Every week, CAPA – Centre for Aviation, produces informative, thought provoking and detailed market analysis of the aviation industry. With supporting data included in every analysis, CAPA provides unrivalled and unparalleled intelligence.
Problems with legacy airline IT systems, according to IAG. Disparate, complex, costly, order-centric
IAG’s annual Capital Markets Day in early Nov-2017 included an outline of the group’s digital and IT strategies, given by IAG Director of Strategy Robert Boyle. This presentation contained a neat summary of the problems with current airline systems.
As Mr Boyle pointed out, airline systems are a subset of the global travel ecosystem, and the airline industry “has been a global industry from the days when real time global transactions really weren’t feasible”. The architecture devised by the industry in the past was groundbreaking in many ways, but is no longer fit for purpose.
The IT infrastructure and systems in the airline industry were designed around batch processing and physical paper documents. Although much of the documentation has been transformed into electronic formats, there remains much that is legacy in the system. Customer records are not all in one place, there is complexity and unnecessary cost, and the airlines’ ability to personalise the offer is limited by systems that are order-centric rather than customer-centric.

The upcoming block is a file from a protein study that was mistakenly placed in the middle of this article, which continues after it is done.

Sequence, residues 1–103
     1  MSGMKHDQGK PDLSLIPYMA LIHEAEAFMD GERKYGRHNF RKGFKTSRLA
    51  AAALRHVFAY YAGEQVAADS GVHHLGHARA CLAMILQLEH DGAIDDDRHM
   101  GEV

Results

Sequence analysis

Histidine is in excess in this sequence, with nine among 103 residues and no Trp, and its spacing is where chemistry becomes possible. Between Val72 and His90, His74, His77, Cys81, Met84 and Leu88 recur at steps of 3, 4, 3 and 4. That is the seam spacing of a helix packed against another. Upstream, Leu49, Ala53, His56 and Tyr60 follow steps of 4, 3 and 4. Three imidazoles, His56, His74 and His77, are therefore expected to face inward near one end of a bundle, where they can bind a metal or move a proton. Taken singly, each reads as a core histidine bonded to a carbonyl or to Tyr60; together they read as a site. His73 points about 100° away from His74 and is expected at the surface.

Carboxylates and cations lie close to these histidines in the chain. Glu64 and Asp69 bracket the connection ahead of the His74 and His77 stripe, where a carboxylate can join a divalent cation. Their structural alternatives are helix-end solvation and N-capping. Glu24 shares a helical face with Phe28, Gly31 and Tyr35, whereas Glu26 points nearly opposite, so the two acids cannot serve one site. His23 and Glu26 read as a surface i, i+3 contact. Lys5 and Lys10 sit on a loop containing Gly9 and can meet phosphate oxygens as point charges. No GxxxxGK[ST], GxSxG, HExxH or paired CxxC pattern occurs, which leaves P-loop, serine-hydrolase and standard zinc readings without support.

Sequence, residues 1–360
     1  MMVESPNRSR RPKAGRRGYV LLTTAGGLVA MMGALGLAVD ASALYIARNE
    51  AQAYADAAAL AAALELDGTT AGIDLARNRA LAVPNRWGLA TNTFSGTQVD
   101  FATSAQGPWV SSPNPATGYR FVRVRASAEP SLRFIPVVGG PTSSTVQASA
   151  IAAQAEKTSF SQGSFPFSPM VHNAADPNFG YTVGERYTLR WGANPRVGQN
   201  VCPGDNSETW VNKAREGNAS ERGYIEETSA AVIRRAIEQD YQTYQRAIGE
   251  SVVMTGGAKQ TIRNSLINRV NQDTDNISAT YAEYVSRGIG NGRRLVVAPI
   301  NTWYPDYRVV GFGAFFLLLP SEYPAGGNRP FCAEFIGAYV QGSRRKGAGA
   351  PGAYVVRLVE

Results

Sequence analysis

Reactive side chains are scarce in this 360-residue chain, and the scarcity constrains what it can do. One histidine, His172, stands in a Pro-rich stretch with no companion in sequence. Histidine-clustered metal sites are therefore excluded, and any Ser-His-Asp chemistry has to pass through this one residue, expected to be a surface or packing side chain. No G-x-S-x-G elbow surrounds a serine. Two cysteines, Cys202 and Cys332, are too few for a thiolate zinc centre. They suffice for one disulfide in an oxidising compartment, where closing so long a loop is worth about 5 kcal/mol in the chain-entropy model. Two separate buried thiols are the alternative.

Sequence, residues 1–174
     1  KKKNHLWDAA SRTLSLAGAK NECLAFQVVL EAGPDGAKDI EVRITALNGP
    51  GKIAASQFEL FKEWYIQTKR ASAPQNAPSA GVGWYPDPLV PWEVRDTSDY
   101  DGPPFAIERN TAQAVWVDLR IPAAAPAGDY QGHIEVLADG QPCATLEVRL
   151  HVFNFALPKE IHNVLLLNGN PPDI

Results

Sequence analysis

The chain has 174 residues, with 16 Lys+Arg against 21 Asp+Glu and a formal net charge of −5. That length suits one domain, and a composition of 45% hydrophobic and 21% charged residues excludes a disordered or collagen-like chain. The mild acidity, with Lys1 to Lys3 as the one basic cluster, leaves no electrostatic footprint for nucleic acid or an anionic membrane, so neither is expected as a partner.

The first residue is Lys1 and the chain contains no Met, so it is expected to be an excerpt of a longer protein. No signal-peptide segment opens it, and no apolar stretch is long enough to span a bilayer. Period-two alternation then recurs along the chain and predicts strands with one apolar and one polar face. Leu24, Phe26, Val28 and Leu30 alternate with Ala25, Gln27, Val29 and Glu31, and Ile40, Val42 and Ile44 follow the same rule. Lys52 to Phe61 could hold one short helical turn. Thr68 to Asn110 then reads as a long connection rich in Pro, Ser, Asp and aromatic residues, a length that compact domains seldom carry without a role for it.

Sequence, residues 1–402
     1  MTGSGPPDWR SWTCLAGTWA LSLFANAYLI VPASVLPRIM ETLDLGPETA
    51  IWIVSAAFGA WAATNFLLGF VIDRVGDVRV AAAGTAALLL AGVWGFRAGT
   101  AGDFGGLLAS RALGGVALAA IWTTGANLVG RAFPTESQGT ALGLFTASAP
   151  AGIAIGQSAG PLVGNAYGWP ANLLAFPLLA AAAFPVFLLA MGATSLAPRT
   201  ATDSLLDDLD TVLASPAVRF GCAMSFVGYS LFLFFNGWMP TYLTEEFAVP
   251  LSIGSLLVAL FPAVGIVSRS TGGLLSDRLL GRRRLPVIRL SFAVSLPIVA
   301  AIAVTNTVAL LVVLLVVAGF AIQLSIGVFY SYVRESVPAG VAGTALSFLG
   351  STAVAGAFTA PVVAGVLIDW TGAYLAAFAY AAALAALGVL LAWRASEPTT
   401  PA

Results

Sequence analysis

Indigo Partners A320neo order gives Frontier, Volaris, Wizz & JetSMART platform to accelerate growth
Four ultra-low cost airlines from four distinct markets are planning rapid expansion under an ambitious order placed by LCC specialist equity group Indigo Partners. Indigo signed an MoU at the 15-Nov-2017 Dubai Airshow for 430 A320neo family aircraft which are intended for US-based Frontier Airlines, Hungary-based Wizz Air, Mexico-based Volaris and Chilean start-up JetsMART.
The order from Indigo is intriguing in that Indigo only owns a minority stake in Volaris and Wizz. The deal therefore could be viewed as a combined order from four loosely aligned airlines that are keen to leverage the economies of scale associated with a bulk aircraft order. The “order” is essentially a series of four MoUs between Airbus and each individual airline. In the case of Wizz and Volaris, approval from all of the shareholders is needed. Frontier and JetsMART, by contrast, are wholly owned by Indigo.
Indigo is likely taking advantage of attractive pricing during a down year for aircraft orders. The investment firm appears confident the four airlines can absorb 430 new aircraft, given the strength of their home markets and the ULCC model, but could also eventuate in allocating aircraft to new ULCCs that have not yet been established.
AENA again reports positive financial and operational data, but there are dark clouds on the horizon
AENA’s financial results for the three months ended 30-Sep-2017 – the primary quarter for a country, Spain, where tourism is so important to the economy (14% of GDP) – show that the organisation’s relentless progress since its partial privatisation in Feb-2015 continues.
But there are worrying developments outside its control. The northern European countries, led by the UK then Germany, are extremely important to Spanish tourism and therefore to AENA, and it is why the fall in the value of the pound, and ‘Brexit’ generally, concern AENA so greatly. With British resident expatriate figures in Spain already falling, a tail-off in UK visitors would upset AENA’s future projections.